Why Hyundai, KIA are joining Volkswagen (VW), Nissan, Toyota, Sinotruk, Suzuki to set up auto assembly plants in Ghana instead of Nigeria.
Ghana’s Minister of Trade and Industry, Alan John Kyerematen has announced that four global automakers, including Hyundai and Kia, had reached an agreement with the government to establish assembly plants in the country.
In a tweet posted on Thursday, the Minister said South Korean automakers will establish assembly plants in Ghana by the end of 2022.
“The Ghana Auto Development programme” will create “6,600 manufacturing parts jobs in Ghana,”
Kyerematen explained that the incentives from government to the local auto industry designed to attract the auto makers to Ghana.
Ghana Automotive Development Policy (GADP) was envisioned to make the country an automotive hub. Its plan is to have its locally assembly vehicles exported to other markets in the West African region, including Nigeria.
German automaker Volkswagen was the first to be attracted by the GADP. The automaker opened its assembly plant in Accra in August, 2020, just two years after signing memoranda of understanding with both Ghana and Nigeria. Plan to establish a similar facility in Nigeria remains on hold till today.
A spokesman for Volkswagen Group South Africa’s head of group communications, Andile Dlamini, explained that lack of legal support for the Nigeria Automotive Industry Development Plan (NAIDP) was one of the reasons VW hasn’t established a plant in Nigeria.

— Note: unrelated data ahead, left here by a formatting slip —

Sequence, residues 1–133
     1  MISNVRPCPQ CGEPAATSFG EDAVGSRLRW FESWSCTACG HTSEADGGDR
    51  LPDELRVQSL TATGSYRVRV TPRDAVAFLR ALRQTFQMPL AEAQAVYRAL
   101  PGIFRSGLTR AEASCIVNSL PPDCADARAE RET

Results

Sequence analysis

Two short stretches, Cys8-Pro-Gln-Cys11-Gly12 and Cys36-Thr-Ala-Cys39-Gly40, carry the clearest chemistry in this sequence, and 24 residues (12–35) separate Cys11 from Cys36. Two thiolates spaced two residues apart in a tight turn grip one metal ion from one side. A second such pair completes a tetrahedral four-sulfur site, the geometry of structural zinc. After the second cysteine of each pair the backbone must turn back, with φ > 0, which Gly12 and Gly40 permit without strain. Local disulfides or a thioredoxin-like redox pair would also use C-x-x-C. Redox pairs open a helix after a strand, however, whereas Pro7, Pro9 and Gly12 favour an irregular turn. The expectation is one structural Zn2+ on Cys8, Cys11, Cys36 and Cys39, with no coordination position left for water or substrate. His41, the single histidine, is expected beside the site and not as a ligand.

Dlamini also cited the Nigeria’s unwillingness to impose stricter measures against the importation of used vehicles as another reason why Volkswagen had failed to start assembling vehicles in Nigeria.
“The Nigerian government undertook to implement the draft automotive policy, which was before the National Assembly, into law.
“This would have paved the way for certainty for automotive manufacturers to establish themselves in Nigeria in a meaningful way”
“The policy would create a fostering environment to competitively introduce new vehicles, by phasing out used vehicle imports of dubious quality, safety and emissions.”
“Improved levying of duties and taxes, which at present favour used over new vehicles, was also promised. To date, the policy has not been signed and the used vehicle issue has not been addressed to a point that provides certainty that the new vehicle market can grow within normal market forces. Ghana has followed up on these commitments,”
Nissan, Suzuki, Sinotruk, and Toyota, who were apparently encouraged by Ghana’s friendlier investment climate, are currently operating in the country.
Local automaker, Kantanka, Ghana’s answer to Innoson in Nigeria, is also enjoying the support GADP accords to the foreign brands operating locally.